“The Senators and Representatives before mentioned, and Members of the several State Legislatures, and all executive and judicial Officers, both of the United States and of the several States, shall be bound by Oath or Affirmation, to support this Constitution.” – Article VI of the U.S. Constitution
Every elected official at the federal, state and local level and the military take an oath “to support and defend the Constitution of the United States of America against all enemies foreign and domestic....” Shockingly, most who take this oath never bother to ask themselves what “supporting the Constitution” actually means, or have read through it enough to understand what they are vowing to support.
When asking what the Constitution means, it’s always best to refer to those who wrote it. Alexander Hamilton explained in Federalist Paper #28 that the sanctity of the oath binds these officials to the laws of the federal government, at least those laws that fall within its legitimate enumerated jurisdiction.
So what are these “enumerated powers”? In light of today’s bloated government, most people today are surprised to learn how few legitimate federal powers there are. Congress’s powers are only those listed in Article I, Section 8 of the Constitution. The President’s powers are only those listed in Article II, Sections 2 and 3, in addition to his veto power in Article I, Section 7. And the federal judicial powers are only those listed in Article III, Section 2.
The chief architect of the Constitution, James Madison, put it this way in Federalist #45: “The [federal powers] will be exercised principally on external objects, as war, peace, negotiation, and foreign commerce.” Nothing authorizes laws or regulations creating most of today’s federal programs and departments. This includes the departments of Energy, Education, Transportation, Agriculture, Health and Human Services, Housing and Urban Development, Labor, and Interior. It is not authorized to create a central bank (today’s Federal Reserve Bank) that legalizes massive money printing; corporate welfare programs or bailouts to farmers and industry; social welfare programs such as Medicaid, Obamacare, SNAP, TANF, Unemployment Insurance, HUD subsidized housing, or stimulus checks; Social Security or Medicare retirement programs; federal funding to public schools or transportation.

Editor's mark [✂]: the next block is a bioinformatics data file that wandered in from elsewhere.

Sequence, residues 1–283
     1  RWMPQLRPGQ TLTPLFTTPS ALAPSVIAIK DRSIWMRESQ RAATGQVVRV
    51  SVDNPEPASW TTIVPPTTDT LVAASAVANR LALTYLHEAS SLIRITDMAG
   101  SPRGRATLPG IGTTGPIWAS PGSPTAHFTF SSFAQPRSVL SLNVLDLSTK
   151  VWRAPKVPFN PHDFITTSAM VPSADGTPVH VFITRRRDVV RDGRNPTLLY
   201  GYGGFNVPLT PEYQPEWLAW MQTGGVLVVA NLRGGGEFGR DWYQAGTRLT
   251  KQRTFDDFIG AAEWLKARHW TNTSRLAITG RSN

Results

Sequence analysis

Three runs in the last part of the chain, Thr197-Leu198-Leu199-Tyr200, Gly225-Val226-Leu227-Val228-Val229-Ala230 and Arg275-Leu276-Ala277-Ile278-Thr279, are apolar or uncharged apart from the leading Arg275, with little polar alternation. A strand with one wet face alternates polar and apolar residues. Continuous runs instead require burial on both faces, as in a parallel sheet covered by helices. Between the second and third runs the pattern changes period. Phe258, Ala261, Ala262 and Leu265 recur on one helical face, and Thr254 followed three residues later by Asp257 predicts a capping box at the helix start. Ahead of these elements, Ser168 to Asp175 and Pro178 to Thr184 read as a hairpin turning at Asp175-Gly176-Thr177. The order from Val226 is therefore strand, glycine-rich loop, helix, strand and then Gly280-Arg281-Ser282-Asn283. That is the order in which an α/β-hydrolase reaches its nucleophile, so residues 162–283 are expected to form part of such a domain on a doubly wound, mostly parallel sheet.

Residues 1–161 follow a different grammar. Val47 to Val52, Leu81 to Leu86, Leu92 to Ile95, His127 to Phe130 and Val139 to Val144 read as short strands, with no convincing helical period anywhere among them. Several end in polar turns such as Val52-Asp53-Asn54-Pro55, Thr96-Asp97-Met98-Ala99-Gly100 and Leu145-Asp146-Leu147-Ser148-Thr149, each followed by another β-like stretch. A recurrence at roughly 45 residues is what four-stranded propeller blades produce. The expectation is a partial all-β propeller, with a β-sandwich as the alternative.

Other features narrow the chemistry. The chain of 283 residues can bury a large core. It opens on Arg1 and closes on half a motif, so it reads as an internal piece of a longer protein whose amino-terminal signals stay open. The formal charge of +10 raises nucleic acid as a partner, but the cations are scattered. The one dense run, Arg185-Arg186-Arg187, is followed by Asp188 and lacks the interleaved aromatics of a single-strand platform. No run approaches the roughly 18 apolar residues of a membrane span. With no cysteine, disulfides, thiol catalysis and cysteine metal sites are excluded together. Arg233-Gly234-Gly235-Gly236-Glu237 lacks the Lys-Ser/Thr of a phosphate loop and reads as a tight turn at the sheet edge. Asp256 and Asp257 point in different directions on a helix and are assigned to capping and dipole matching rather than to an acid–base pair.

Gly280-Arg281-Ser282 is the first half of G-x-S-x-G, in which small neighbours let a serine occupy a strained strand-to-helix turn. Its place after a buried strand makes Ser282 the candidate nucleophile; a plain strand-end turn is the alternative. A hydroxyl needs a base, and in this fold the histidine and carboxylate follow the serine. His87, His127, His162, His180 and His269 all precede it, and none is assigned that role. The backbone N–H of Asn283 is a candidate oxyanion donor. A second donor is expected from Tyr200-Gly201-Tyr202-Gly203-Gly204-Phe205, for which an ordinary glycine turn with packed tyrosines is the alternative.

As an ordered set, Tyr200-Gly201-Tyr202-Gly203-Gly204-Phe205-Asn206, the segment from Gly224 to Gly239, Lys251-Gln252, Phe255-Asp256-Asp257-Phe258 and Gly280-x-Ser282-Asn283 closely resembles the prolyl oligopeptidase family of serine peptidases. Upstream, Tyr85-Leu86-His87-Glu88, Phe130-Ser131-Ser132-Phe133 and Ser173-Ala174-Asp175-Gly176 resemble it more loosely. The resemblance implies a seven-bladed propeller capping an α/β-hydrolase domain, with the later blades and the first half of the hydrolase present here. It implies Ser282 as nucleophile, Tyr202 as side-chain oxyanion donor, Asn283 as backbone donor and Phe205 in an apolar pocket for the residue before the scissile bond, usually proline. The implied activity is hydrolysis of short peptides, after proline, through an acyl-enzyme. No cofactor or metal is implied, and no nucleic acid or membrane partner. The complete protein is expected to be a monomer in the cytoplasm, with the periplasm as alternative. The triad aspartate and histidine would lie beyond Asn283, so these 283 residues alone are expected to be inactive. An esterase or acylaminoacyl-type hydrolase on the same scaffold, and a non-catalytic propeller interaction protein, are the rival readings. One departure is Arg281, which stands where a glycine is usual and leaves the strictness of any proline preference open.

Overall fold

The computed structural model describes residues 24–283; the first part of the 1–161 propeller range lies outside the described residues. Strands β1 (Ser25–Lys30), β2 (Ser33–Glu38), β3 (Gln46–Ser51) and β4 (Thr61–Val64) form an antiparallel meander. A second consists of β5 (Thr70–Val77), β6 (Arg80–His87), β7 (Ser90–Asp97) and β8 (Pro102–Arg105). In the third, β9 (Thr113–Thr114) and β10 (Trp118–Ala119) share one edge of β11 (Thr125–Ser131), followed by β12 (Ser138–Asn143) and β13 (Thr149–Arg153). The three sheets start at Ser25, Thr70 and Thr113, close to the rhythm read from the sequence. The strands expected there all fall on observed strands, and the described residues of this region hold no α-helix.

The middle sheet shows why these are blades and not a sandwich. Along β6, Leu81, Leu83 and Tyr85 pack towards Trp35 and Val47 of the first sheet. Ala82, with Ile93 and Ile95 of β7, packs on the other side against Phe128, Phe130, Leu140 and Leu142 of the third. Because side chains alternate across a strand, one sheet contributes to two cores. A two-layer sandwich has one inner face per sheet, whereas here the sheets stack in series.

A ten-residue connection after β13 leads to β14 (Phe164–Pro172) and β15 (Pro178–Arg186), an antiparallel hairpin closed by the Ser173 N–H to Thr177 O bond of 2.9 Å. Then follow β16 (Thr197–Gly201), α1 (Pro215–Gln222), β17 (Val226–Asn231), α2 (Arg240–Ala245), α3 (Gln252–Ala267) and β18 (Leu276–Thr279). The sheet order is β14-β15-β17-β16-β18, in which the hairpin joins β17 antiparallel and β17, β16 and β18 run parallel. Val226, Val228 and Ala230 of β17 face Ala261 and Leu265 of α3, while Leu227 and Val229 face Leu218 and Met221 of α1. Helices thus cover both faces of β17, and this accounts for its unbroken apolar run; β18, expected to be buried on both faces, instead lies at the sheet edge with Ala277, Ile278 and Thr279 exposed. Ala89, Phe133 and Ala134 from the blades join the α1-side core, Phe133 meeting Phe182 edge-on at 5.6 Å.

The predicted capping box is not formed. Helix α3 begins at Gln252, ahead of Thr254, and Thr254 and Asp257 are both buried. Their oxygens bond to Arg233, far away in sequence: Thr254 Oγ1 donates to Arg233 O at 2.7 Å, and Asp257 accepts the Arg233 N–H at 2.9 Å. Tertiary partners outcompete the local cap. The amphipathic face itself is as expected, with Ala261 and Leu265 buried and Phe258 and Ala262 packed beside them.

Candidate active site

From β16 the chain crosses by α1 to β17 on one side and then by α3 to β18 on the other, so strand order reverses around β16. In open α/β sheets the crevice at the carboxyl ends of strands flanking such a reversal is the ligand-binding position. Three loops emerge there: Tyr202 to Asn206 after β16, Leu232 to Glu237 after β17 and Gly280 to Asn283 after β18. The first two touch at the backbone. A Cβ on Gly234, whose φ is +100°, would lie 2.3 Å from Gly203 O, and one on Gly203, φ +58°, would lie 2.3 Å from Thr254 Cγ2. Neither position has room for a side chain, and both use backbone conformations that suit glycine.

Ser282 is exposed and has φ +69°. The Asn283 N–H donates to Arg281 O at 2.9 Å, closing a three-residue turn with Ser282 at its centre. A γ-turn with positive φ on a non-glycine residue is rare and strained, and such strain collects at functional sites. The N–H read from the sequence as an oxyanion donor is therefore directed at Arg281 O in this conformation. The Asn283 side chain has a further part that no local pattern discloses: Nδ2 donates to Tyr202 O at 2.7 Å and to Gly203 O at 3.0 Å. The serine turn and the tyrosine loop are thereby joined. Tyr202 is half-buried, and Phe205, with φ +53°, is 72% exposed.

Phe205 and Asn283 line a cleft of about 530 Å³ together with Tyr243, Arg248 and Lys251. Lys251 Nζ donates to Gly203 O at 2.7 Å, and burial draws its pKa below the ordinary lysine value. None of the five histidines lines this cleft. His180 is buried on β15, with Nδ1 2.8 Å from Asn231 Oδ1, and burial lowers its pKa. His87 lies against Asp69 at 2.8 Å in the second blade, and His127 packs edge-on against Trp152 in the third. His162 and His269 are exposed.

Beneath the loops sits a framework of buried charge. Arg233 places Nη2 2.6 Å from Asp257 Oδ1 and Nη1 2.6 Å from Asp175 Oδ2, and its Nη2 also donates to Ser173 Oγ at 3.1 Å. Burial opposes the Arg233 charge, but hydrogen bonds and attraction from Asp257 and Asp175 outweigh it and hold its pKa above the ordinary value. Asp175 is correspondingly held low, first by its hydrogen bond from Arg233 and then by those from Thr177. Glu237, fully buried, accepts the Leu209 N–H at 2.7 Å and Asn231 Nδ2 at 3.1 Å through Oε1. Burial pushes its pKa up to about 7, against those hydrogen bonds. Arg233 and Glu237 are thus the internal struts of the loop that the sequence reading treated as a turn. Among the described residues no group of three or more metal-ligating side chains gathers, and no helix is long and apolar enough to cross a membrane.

This isn’t to say that many of these functions couldn’t exist at the state level; they just can’t at the federal level. Madison stated it this way in Federalist #45: “The powers delegated by the proposed Constitution to the federal government are few and defined. Those which are to remain in the State governments are numerous and indefinite.”
Some claim the “General Welfare,” “Necessary and Proper,” “Supremacy,“ and “Interstate Commerce” clauses allow for going beyond the list of enumerated powers. But the authors of the Constitution specifically say otherwise. In Federalist #41, Madison stressed it would be absurd to assume that the Section 8 phrase, “provide for the common defense and general welfare,” somehow means the federal government has unlimited power to do so, especially when the specific list of powers follows right after that phrase.
Hamilton dedicates the whole text of Federalist #33 to state in no uncertain terms that the "Necessary and Proper" clause and "Supremacy" clause cannot be used by Congress to make laws that go beyond Section 8’s enumerated powers. He actually states that doing so “are merely acts of usurpation, and will deserve to be treated as such.” And lastly, Madison explains in Federalist #42 that the purpose of “Congress shall have the power to...regulate Commerce...among the several States” is merely to prevent states from imposing duties and customs on each other, making trade very inefficient.
Over the last hundred years, our lawmakers and justices have gone drastically off course. So what’s today’s elected official or justice to do with this mess that he or she has inherited? Obey your oath. Dismantle those violations one at a time. It will take time. But in time, it will restore the purpose of American government, which is to “secure the blessings of liberty to ourselves and our posterity.”
John Pickerill is a retired United States Navy officer and war veteran who first took his oath of office in 1991. He is currently a sitting member of the board of directors of the Libertarian Party of Colorado. He advocates for individual liberty, free-market economics, private property rights, and Constitutionally limited government.
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